New MIT technology could cut out traffic jams and improve fuel efficiency
A new algorithm developed by researchers at MIT greatly improves upon existing traffic systems that cities currently have in place and could lead to a future with no traffic jams, better fuel economy for cars, buses and other vehicles and, as a result, less air pollution.
The system uses both city-level data and individual driver data to create traffic light patterns that keep traffic moving. Right now, traffic systems in cities mainly focus on major roads and intersections. That leaves out important information like how drivers behave when traffic jams occur. If drivers take alternate routes, that affects the flow on other roads where new jams can happen without smart traffic systems extending to them as well.
"What we do," Professor of Civil and Environmental Engineering Carolina Osorio says, "is develop algorithms that allow major transportation agencies to use high-resolution models of traffic to solve optimization problems."
MIT reports, "Typically, such timing determinations are set to optimize travel times along selected major arteries, but are not sophisticated enough to take into account the complex interactions among all streets in a city. In addition, current models do not assess the mix of vehicles on the road at a given time—so they can't predict how changes in traffic flow may affect overall fuel use and emissions."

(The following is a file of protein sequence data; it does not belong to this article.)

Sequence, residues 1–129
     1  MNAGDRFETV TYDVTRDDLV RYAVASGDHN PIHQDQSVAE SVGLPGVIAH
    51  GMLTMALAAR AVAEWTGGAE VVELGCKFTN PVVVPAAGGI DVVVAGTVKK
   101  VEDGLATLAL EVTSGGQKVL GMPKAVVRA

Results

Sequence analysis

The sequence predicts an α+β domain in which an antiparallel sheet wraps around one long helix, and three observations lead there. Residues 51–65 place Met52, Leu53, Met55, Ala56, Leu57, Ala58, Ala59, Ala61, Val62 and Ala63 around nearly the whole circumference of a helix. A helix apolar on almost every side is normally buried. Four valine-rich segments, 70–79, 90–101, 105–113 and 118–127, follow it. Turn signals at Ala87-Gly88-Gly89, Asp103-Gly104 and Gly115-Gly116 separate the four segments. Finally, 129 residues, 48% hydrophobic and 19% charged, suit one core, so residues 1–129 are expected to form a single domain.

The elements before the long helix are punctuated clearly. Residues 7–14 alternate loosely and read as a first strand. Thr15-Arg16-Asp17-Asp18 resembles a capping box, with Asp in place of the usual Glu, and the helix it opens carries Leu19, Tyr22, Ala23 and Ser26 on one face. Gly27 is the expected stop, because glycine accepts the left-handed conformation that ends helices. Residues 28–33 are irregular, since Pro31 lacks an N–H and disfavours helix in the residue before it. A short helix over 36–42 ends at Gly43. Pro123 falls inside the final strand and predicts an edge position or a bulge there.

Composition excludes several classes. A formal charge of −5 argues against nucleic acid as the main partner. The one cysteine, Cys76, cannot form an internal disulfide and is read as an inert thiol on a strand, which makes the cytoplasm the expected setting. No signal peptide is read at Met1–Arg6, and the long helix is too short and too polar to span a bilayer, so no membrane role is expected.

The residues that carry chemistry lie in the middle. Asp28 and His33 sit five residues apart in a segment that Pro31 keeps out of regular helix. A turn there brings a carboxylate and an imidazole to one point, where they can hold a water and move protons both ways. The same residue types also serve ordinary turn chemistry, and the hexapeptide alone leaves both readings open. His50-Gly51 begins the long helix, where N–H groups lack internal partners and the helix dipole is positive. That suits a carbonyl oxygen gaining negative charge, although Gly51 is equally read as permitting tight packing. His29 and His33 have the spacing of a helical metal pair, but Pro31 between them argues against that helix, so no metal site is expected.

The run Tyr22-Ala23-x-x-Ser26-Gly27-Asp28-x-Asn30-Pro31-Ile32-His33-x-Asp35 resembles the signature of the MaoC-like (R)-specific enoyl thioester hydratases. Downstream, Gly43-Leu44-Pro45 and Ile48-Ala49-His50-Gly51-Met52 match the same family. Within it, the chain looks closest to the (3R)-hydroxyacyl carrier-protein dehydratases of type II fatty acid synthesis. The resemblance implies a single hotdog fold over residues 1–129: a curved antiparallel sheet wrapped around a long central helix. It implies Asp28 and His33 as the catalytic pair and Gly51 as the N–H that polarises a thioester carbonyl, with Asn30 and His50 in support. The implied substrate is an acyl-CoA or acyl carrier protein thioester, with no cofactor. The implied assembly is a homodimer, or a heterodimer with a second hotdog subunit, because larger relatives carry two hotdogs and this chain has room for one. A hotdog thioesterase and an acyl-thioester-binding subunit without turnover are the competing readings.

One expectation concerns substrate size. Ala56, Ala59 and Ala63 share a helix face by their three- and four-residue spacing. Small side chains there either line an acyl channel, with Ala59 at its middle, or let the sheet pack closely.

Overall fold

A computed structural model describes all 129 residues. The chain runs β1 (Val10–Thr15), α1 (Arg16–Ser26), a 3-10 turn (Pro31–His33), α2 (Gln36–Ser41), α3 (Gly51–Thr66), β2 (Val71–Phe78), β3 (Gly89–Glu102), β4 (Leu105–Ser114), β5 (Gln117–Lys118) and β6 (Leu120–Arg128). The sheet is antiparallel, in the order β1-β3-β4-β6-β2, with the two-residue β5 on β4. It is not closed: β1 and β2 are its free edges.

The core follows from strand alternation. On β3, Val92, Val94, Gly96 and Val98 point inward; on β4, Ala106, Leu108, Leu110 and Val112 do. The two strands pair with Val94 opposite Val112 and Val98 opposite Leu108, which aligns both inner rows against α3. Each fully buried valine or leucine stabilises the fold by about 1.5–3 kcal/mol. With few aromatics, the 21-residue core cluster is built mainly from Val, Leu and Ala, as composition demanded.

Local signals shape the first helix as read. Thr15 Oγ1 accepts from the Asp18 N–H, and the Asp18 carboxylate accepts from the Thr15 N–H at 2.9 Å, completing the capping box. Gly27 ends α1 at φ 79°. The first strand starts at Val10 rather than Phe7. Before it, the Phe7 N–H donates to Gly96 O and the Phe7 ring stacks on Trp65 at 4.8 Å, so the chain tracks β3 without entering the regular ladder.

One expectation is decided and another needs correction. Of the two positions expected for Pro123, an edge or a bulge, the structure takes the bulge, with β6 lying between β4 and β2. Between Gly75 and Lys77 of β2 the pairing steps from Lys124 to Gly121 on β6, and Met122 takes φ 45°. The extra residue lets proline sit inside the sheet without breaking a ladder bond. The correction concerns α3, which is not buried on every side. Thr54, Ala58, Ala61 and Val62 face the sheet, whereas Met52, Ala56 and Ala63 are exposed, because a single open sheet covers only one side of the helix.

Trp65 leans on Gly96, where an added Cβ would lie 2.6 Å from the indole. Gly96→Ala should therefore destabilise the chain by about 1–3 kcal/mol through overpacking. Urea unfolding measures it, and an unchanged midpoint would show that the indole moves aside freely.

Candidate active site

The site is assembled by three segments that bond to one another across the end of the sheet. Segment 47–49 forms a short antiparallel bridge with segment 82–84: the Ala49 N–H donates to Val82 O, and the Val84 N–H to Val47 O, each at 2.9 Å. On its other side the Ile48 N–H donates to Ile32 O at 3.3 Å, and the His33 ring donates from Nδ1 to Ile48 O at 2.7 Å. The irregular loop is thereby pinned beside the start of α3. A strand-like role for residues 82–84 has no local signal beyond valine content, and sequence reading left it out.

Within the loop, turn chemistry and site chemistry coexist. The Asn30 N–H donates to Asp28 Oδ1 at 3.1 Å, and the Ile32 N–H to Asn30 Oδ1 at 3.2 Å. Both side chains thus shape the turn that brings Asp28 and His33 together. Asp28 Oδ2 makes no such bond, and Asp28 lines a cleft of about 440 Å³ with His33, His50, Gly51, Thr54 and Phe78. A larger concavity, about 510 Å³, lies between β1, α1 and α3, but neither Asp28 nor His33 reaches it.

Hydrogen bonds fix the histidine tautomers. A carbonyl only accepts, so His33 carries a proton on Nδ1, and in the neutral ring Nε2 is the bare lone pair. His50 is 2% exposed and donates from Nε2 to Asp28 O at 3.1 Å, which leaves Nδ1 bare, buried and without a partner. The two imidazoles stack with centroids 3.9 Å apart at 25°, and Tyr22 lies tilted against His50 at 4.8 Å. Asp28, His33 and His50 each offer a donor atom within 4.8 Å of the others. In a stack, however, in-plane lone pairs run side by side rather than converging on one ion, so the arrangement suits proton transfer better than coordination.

This new system takes into account all the vehicle types from cars to buses and also calculates the impact on fuel efficiency and pollution.
The team has been testing their technology using the city of Lausanne, Switzerland, simulating the driving behavior of the thousands of vehicles that hit the road each day. Through testing they were able to find the right balance of city-level data and more fine driver-level data that could actually lead to better suggestions from the software. Those suggestions lead to improved travel times across the entire city in the models, with 17 key intersections and 12,000 vehicles included in the study.
Having the fuel efficiency and emissions data calculated by the software means that agencies using the program can clearly show the benefits to new traffic management ideas before any changes are made. This means new ideas will have a greater likelihood of being implemented and a greater chance at success.
The researchers are now focusing their energies on Manhattan and other traffic-plagued cities to see how the system works on a large-scale. Ultimately, the software could help city planners with more than just traffic lights. It could also find optimal spots for bike sharing racks, car-sharing hubs, better bike lanes and pedestrian bridges.